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How do I Become a Forensic Photographer?

By Jessica Reed
Updated Mar 02, 2024
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While there is no specific degree or program, an expert knowledge of photography and crime scene investigation is necessary to become a forensic photographer. The forensic photographer is responsible for taking pictures, both close up and from further away, of crime scenes. These photographs are later used as evidence in court. The forensic photographer must provide clear photographs without disturbing the evidence or crime scene.

Those who want to become a forensic photographer should consider taking college courses in photography. Those with law enforcement jobs might consider looking into photography classes to improve this area of their skills. A forensic photographer needs to understand not only the technical aspects of photography, but to also have expert knowledge of police and crime scene investigation policies and procedures.

Students who want to work as a forensic photographer have several career options for their major. While photography is one possibility, it may work better as a minor if the student has no knowledge or experience with law enforcement. Possible majors include forensic science, law enforcement, criminal justice, crime scene investigation, and criminology.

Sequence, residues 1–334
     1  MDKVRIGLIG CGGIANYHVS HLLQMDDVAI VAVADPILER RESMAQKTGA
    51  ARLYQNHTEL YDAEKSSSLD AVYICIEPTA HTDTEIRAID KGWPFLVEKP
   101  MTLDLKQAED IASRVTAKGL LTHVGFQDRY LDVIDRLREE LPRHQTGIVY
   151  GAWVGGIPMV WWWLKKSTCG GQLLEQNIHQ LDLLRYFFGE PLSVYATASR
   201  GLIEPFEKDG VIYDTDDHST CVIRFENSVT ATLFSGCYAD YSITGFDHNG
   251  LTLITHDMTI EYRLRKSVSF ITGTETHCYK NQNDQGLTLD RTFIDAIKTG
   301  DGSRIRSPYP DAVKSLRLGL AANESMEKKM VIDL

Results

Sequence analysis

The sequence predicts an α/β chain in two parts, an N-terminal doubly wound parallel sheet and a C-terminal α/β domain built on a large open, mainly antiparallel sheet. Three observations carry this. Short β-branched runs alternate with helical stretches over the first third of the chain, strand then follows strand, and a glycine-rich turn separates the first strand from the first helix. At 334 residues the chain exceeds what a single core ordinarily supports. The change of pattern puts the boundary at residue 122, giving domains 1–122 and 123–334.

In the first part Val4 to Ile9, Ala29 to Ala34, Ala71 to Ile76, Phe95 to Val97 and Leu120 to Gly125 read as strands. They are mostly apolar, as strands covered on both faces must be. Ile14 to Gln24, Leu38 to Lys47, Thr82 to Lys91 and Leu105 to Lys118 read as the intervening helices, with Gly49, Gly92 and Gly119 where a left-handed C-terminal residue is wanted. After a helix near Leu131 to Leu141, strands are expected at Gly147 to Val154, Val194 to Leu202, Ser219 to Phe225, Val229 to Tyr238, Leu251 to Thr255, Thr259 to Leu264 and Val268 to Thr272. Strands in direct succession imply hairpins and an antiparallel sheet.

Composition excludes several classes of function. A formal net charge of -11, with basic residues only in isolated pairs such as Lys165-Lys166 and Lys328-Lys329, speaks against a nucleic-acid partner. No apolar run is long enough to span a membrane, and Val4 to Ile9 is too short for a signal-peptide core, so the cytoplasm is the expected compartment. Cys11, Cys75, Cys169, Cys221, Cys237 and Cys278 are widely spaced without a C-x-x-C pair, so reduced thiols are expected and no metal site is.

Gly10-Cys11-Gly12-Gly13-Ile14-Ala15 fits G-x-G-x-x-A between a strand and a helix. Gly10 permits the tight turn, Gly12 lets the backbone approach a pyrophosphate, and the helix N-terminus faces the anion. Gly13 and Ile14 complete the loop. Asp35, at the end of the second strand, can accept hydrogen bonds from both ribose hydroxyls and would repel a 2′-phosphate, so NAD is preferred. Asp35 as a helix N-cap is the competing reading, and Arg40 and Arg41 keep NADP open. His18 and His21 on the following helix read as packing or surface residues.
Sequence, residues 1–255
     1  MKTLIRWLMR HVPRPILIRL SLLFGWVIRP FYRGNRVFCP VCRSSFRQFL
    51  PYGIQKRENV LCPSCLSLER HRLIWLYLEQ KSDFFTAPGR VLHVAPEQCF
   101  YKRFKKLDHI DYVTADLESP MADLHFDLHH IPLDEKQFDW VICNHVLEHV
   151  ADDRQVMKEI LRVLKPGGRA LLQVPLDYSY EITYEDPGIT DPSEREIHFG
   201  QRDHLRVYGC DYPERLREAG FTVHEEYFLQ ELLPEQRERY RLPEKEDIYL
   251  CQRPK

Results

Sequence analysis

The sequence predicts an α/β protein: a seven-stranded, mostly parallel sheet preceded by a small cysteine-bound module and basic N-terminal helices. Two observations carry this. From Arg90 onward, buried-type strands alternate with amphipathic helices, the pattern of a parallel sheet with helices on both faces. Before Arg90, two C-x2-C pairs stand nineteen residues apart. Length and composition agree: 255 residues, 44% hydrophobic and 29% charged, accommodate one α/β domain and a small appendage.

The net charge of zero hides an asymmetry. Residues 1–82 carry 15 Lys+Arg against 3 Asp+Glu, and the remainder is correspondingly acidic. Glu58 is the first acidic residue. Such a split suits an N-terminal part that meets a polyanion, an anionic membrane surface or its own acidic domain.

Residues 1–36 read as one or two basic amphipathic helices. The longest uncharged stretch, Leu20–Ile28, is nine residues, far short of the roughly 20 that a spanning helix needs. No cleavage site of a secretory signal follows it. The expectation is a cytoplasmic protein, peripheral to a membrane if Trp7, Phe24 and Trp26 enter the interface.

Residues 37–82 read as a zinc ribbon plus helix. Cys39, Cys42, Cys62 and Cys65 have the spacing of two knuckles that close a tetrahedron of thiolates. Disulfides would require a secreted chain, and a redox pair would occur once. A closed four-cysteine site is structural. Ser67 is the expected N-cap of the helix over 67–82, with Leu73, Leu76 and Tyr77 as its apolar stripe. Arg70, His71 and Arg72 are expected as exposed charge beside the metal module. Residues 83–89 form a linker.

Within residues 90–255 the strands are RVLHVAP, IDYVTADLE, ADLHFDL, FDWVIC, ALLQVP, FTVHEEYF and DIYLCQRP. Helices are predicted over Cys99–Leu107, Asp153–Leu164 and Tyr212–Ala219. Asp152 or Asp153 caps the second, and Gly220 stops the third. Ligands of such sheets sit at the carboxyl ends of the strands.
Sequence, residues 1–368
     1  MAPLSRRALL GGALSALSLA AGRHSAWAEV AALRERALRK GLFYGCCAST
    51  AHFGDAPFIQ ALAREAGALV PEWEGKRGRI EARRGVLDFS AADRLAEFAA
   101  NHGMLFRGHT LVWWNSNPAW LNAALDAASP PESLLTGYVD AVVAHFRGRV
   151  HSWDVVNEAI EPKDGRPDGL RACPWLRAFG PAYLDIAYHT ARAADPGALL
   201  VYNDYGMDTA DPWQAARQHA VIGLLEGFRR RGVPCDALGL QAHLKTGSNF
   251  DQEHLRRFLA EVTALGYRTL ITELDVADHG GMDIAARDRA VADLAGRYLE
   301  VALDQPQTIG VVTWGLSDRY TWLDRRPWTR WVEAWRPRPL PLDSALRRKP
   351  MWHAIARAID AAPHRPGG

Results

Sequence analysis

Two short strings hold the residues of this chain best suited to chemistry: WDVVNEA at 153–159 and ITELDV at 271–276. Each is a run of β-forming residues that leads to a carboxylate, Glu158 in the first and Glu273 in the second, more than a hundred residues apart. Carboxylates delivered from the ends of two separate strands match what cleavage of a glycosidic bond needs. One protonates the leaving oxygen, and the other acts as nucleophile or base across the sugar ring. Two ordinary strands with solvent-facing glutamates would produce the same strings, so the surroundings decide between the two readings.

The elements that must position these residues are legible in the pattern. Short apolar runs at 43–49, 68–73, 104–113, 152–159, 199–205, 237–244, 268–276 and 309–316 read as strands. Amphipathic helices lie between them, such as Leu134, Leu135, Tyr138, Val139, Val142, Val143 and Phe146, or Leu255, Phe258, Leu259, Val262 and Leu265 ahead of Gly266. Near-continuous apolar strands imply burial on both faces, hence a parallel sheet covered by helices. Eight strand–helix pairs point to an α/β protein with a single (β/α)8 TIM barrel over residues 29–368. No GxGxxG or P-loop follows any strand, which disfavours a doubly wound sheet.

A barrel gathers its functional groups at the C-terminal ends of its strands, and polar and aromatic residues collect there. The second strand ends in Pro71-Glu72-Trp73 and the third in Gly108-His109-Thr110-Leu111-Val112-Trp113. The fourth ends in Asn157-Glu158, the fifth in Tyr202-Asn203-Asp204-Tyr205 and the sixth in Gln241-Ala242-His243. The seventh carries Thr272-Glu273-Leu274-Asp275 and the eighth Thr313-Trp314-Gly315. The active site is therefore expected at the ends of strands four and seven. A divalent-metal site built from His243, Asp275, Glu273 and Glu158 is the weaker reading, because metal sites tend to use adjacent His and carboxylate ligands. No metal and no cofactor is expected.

Alternatively, those who are employed in a field of law, or wish to be, may pursue a job in law enforcement and transition to a forensic photographer job later on. They can learn the skills needed to work as a crime scene investigator and find out if they like the field. If they do, they can continue on to learn about photography or enhance their current photography skills with classes from a community college or university.

After earning a degree, taking courses, or pursuing jobs in related fields, a person who wants to become a forensic photographer can get certification through the International Association for Identification (IAI). The requirements for this certification are three years of experience in professional photography and 40 hours of college classes in photography, and the person must currently work in a forensic science field performing some sort of forensic photography.

The IAI and Evidence Photography International Council (EPIC) both provide information and guidance for those who want certification or education to become a forensic photographer. The individual requirements for a forensic photographer job will vary greatly depending on where the person decides to work. Education is a plus for those with no previous experience, and experience in the field is often necessary for finding a permanent job.

Practical Adult Insights is dedicated to providing accurate and trustworthy information. We carefully select reputable sources and employ a rigorous fact-checking process to maintain the highest standards. To learn more about our commitment to accuracy, read our editorial process.

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